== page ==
That food is one of the greatest things about foreign travel is obvious; that it is now one of the primary reasons for it and often the ultimate highlight of a trip says something about the world’s current obsession with food as well as the improvements that have been made to accommodate travellers’ tastes.
There’s something visceral about both food and travel: together, they are a potent combination and no matter how many TV shows, Instagram pictures or Facebook posts we see, we just never seem to get tired of it. Perhaps this is because the variety is endless and, in today’s increasingly superficial world, food offers us a chance to stop and reflect and, on a genuine and corporeal level, connect, however briefly, with the places that we visit. The best examples of this offer a crossover between ourselves and the cultures and ways of life we’ve worked so hard and paid so much to get to; to an extent, good food even validates our holiday choices.
A recipe for well-being: What's inside
Bad holiday-food experiences are a wasted opportunity and detract from the overall experience. These range from having to resort to a Starbucks or McDonald’s, to getting ill. Yet don’t let fear of becoming sick – say from eating street food in India – stunt your experience. Do your research and trust your instincts and you will find incredible food, often at very cheap prices, that elevates your experience from good to sublime. I’ll never forget my first experiences of travelling in Spain, where I worked at an international work camp deep in the Alpujarras in Andalusia. The days were long and dusty and the accommodation spartan, but the simple, fresh taste of the tomatoes, onions and crusty bread delivered by a local farmer – combined with fresh air, scenery and friendly faces – made it all worthwhile. Or Thailand, where healthy, fresh, fiery curries can be had for as little as Dh10, or drinking fresh coconut water in Bangladesh and India for just a few fils – and how good it made me feel. Probably my all-time favourite food experiences have been in Italy, walking the Cinque Terre and eating in local restaurants every day, and in Sardinia, where, in the main town Cagliari, I was fed a sensational seafood lunch by an elderly husband-and-wife team in their small, traditional restaurant. They didn’t speak a word of English, but it didn’t matter. Their food spoke for them.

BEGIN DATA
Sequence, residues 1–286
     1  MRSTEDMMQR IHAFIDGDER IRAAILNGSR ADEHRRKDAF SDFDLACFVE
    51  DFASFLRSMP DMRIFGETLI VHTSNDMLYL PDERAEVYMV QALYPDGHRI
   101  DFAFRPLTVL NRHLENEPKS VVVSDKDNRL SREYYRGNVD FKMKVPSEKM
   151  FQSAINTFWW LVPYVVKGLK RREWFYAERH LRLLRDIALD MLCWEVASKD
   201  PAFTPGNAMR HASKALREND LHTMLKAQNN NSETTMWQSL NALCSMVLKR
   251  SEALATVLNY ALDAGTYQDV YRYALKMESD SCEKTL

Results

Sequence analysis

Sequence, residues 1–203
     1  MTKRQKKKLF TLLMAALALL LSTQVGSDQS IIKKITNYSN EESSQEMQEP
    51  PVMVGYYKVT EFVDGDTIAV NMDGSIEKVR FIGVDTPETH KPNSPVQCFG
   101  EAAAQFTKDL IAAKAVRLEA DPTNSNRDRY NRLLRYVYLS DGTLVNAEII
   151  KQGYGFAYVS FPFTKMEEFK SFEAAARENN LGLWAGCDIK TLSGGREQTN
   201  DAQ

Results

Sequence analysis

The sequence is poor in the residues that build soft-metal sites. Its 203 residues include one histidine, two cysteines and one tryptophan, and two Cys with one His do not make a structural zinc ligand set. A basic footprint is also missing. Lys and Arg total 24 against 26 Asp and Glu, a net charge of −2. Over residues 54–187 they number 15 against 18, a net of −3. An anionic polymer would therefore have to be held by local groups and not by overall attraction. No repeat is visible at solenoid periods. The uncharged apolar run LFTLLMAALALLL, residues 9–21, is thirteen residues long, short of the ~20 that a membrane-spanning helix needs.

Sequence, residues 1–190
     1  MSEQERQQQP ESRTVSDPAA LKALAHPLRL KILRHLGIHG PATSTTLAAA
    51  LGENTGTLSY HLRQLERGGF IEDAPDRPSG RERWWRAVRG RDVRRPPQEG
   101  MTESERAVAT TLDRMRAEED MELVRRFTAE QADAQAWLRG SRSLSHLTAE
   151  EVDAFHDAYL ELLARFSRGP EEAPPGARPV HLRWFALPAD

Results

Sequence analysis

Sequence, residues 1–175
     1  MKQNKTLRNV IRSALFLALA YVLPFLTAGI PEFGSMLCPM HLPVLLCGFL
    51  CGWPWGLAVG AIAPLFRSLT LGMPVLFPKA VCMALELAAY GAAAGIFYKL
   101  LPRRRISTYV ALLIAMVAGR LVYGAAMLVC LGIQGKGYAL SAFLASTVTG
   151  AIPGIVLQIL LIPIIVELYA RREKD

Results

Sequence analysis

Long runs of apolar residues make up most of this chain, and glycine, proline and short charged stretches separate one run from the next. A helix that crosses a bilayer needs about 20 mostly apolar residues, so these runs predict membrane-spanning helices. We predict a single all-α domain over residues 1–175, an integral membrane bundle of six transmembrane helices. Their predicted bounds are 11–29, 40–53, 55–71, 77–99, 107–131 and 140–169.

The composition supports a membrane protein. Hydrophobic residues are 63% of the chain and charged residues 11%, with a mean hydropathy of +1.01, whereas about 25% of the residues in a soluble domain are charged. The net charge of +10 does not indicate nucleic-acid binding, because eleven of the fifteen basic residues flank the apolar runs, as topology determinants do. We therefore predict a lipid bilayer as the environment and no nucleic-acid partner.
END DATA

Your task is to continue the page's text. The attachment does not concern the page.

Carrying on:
In much of the world, where traditional ways of life still prevail, food is prepared properly and from scratch – sometimes the full process can take days. From handmade tofu and mung-bean noodles in China to home-made mezze and fresh-baked bread and barbecued meat in Jordan, cooked Bedouin-style in a firepit, food is also, often, an unexpected bargain. Knowing a local is always a good place to start, but, if you do a bit of research, there’s the added satisfaction of finding a great place, by yourself, that isn’t in the guidebooks.
Of course the wrong sort of food, combined with a sedentary lifestyle, is also the source of many of today’s health problems, and a multitude of health spas have developed to cater to people who wish to use their holiday time to detox, or simply find out what is wrong with them. Here, we look at the many options.
Many factors have led to the current profusion of organised, food-based trips: a dislike for the hit-and-miss meal potential of a do-it-yourself holiday, a demand to have top-quality food experiences at every turn, an increasing number of travellers with special requirements, or limited time. While many group trips that employ a local guide will, by their very nature, offer great meals, smooth communication and safety, some tour operators have gone one step further in offering itineraries or even just accommodation where food is central to the entire experience.
The best meals are made with seasonal, local produce, so, for a broad-based search, Responsible Travel is a good place to start. Its website features 89 "cooking and food holidays and tours", in Europe, India and the Americas. On offer is everything from a small, rustic agriturismo in the Troodos Mountains in Cyprus to more far-flung foodie adventures. Booked through Responsible Travel, a three-night gastronomy break in Catalonia, Spain, costs from €480 (Dh1,910) per person, excluding flights.
While most of the world's major tour operators now offer food tours, one company that stands out is Intrepid Trave. It offers 21 "Real Food Adventures" in countries including Vietnam, Peru, Morocco, China and India. Its two-week India group trip involves a tour of north India, Mumbai and Goa and includes street food, cooking classes and demonstrations, visits to markets and even some normal sightseeing; prices from US$2,070 (Dh7,600) per person, excluding international flights.